The Millionaire Detective Balance: Unlimited


Ryotaro Okiayu (Gadjah in Black Clovermused on April 6, before the State of Emergency was declared in Japan, that if measures were put in place, voice recording all over Tokyo would be stopped. He was right.


On April 7, Japanese Prime Minister Shinzo Abe, alongside the special coronavirus taskforce, announced a State of Emergency in Japan for 7 prefectures, including Tokyo, and then expanded that declaration to the entire country on April 16. One major measure of the declaration is avoiding the “3Cs”: closed spaces, crowded places, and close contact, as well as to limit travel in major areas by at least 80%. Voice actors in Japan can’t help but go against both of these measures by the sheer act of going to work and performing tasks, hence the halting of most recording sessions.




These suspended recording sessions would go on to postpone the broadcast of some of the long-running TV anime series. Mayumi Tanaka, the voice actor for Luffy, said in a blog post on April 11 that she was on break from my regular anime voice recordings, meaning One Piece’s voice sessions had been halted. The day before, Rica Matsumoto, the voice actor of Satoshi in Pokémon, said on Twitter that she’d stopped working. A week later, One Piece and Pokémon both announced the shows would go on a hiatus (and the first hiatus in One Piece’s 20-year broadcast history).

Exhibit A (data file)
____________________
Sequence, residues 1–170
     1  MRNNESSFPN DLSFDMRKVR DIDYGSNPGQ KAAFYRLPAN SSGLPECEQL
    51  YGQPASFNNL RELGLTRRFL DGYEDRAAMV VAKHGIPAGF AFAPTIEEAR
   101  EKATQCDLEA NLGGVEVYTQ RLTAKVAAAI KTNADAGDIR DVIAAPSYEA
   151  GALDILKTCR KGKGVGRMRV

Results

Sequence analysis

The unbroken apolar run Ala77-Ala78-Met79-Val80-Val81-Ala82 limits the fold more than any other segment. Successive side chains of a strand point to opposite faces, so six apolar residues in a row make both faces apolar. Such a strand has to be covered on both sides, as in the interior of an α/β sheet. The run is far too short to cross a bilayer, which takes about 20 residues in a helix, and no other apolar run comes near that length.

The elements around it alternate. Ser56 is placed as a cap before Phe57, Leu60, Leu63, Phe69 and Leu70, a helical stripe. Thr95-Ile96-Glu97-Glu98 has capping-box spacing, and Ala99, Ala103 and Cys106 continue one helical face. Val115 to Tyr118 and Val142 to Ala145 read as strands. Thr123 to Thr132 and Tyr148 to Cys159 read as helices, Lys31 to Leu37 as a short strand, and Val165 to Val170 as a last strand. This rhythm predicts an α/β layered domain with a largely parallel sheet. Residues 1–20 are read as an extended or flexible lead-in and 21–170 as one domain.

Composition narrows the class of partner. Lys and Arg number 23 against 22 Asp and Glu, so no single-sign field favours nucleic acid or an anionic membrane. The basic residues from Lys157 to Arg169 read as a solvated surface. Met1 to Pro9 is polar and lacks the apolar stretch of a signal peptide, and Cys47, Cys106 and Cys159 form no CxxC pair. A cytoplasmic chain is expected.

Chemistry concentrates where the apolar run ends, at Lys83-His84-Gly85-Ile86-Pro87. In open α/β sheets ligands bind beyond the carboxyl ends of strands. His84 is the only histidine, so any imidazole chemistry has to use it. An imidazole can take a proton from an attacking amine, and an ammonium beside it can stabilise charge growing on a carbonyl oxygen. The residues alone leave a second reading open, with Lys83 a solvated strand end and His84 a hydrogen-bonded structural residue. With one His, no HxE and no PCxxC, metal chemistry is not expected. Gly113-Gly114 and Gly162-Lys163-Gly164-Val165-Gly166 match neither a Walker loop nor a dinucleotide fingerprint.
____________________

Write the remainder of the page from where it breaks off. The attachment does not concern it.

Yukio Nagasaki, the sound director on Gleipnir, wrote on Twitter that voice recording and mixing on the TV anime stopped on April 10 — at least in the studio. He was working from home choosing tracks for the series, which as of writing, hasn’t announced any suspended broadcast.




Even though Nagasaki can do his work as a sound director from home, and is able to video conferencing with other staff to confirm music, it’s not as easy for voice actors in Japan. Tokyo houses and apartments are on the smaller side, and usually have thin walls, making it hard to set up a full recording booth in their homes. Of those that can set up a home system, they’d have to learn how to record, mix, and upload their audio files, all while being directed via video conferencing. Then having to do that with the entire cast. Funimation was able to get it done for the simuldub of My Hero Academia, but it wouldn’t have been easy.